Philadelphia Theatre’s annual Barrymore Awards were this past Monday night, and I was nominated in two categories, Outstanding Supporting Performance in a Play (for my performance as “Achilles” in IPHIGENIA AT AULIS with the Philadelphia Artists’ Collective), and for Outstanding Ensemble in a Play (along with my truly incredible cast mates in WAITING FOR GODOT at the Quintessence Theatre Group).
Although my (our) name(s) were not revealed in either of the “winners” envelopes, it still was a great honor to be included on the short list by the Barrymore committee. It was the first time in my entire career that I have been individually nominated for an award of this type, and as such, it served as a clear reminder that, in our art form, there is rarely any such thing as an “individual” accomplishment. And since I didn’t have a chance to stand at the microphone and acknowledge that on Monday, I’m utilizing my tiny pulpit here instead…
Dan Hodge graciously invited me to be a part of the process for IPHIGENIA AT AULIS, and then fostered a lovely work environment for us to create and explore, granting us a great deal of trust and respect, and offered an open door for ideas at all times.
My scene partners, Adam Howard, and especially Becca Khalil and Tai Verley were rock stars, bringing depth and presence to their work every night. I never had to manufacture any moment on stage with them, but just listen and respond with equal urgency to theirs. The work felt easy and concise and real every time. “Supporting” work should always be so well supported.
Nathan Foley (who I was never even on stage with), Luke Moyer (whose time in the play ended every show before mine even began), and Peggy Smith and Stephanie Iozzia (our musical chorus) did the heavy lifting and set the tone, cutting through choppy waters and leaving a clean, smooth surface in their wake for myself, and the rest of us, to ski in.
Robin Shane dressed us in the sharpest maritime garb, and the USS Olympia was a perfect, real-life venue to play our scenes. Jenna Stelmok was our stern, benevolent shepherd of a stage manager, and PAC’s co-artistic director, Damon Bonetti offered gracious and attentive support from the very first contract offer in the spring of 2017, right up until this week at the Barrymore ceremony. To each of you, I am grateful and in your debt.
And I have no less gratitude for my WAITING FOR GODOT cast, either. Quintessence Theatre Group has become my de-facto home base here in Philadelphia, and I was thrilled to be a little part of one of the many Barrymore nominations the company received this year.
I said right from the very start of the process on GODOT that I was fully aware that I was very much the one in the room who was lucky to be there. Johnnie Hobbs Jr. and Frank X, our “Didi” and “Gogo”, are two long-established titans of Philadelphia Theatre. That’s true, as well, of our director Ken Marini, who has spent decades proving and re-proving his incredible talent. And J. Hernandez, our “Lucky,” though only a couple of years newer to Philly than myself, is a formidable presence on any stage. All four men received individual nominations for their superior work on WAITING FOR GODOT.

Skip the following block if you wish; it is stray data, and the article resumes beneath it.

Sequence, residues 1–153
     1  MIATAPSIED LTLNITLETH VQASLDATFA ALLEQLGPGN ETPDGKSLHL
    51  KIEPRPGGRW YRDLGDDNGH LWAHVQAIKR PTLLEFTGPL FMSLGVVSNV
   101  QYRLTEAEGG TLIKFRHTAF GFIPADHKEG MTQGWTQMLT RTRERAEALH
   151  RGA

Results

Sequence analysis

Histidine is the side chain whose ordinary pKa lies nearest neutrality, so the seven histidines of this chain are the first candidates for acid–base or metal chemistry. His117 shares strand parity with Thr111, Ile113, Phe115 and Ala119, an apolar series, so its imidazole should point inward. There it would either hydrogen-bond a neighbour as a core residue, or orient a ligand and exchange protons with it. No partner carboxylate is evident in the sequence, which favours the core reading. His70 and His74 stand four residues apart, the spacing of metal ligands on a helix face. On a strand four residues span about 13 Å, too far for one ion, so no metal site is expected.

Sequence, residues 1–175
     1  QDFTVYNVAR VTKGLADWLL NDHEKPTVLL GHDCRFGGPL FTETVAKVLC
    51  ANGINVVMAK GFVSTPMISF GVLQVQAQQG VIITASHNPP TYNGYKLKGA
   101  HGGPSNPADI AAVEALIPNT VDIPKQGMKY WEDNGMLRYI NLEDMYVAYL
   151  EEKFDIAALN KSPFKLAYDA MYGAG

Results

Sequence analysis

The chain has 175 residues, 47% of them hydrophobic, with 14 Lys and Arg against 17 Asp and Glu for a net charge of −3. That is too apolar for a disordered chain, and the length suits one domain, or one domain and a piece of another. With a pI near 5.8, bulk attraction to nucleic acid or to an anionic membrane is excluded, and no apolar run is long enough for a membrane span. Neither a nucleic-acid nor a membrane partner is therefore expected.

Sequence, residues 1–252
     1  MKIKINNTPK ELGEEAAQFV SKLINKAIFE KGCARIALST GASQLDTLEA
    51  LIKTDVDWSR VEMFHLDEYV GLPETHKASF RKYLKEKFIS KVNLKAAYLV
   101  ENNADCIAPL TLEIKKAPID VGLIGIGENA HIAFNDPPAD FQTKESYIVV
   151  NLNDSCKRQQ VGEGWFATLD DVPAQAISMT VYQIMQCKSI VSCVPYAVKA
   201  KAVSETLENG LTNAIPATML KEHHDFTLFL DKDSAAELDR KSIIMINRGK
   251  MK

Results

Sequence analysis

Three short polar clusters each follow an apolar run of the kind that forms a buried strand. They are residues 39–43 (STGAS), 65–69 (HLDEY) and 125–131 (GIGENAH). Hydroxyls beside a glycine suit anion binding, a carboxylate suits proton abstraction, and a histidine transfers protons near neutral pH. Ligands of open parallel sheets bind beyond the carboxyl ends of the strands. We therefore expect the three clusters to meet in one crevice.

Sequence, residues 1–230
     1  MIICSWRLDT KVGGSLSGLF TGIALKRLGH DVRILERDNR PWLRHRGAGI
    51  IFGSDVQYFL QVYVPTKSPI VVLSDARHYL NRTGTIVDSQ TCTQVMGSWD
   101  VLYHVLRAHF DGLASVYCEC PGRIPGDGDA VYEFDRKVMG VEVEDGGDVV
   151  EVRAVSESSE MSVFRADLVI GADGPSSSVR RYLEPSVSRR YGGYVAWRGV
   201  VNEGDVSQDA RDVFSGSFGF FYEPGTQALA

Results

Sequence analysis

And then there was me, feeling a little out of place, but giddy just to be in the room and trying not to get in anyone’s way with my “Pozzo”. The best part for me was just watching all of those talented people being talented. At least I can boast that I won nearly every game of checkers I played in the dressing room with our young, fifth ensemble member, Lyam David Kilker, who cameoed as the “Boy”, (and will soon be a Philadelphia star in his own right).
Finally, a personal shout out to Quintessence’s artistic director, Alexander Burns, without whom I probably wouldn’t be in Philadelphia in the first place, and I certainly would not be so gainfully employed.
I realized recently that next month it will be 25 years since I was expelled from the acting conservatory I was enrolled in out of high school. The dean of that conservatory – in what I perceived as a clumsy attempt to make me cry at the occasion when I failed to show what he must have considered a more appropriate demonstration of devastation and loss – looked at me from across his desk and said, “Greg, it’s such a shame, too, because we really thought you were going to make it in this business.”
Well, I’m under no illusions that I have “made it”, and I freely admit that I have done things the hard way far, far more often than I can ever recommend to anyone else, but nevertheless: I’m still here. And nights like Monday serve as an apt reminder of how lovely and humbling it is to be even a small part of a rich, deep, and very talented group of theatre artists. I am grateful to all of you in IPHIGENIA, GODOT, Philadelphia, and beyond. I hope there is much, much more to come.